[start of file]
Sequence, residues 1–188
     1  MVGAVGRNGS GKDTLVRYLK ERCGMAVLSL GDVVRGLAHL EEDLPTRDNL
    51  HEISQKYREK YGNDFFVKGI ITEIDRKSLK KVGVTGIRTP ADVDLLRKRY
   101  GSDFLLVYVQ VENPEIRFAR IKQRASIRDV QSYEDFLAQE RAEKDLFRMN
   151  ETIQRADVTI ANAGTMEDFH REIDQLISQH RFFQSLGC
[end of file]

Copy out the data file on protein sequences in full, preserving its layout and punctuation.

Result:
Sequence, residues 1–188
     1  MVGAVGRNGS GKDTLVRYLK ERCGMAVLSL GDVVRGLAHL EEDLPTRDNL
    51  HEISQKYREK YGNDFFVKGI ITEIDRKSLK KVGVTGIRTP ADVDLLRKRY
   101  GSDFLLVYVQ VENPEIRFAR IKQRASIRDV QSYEDFLAQE RAEKDLFRMN
   151  ETIQRADVTI ANAGTMEDFH REIDQLISQH RFFQSLGC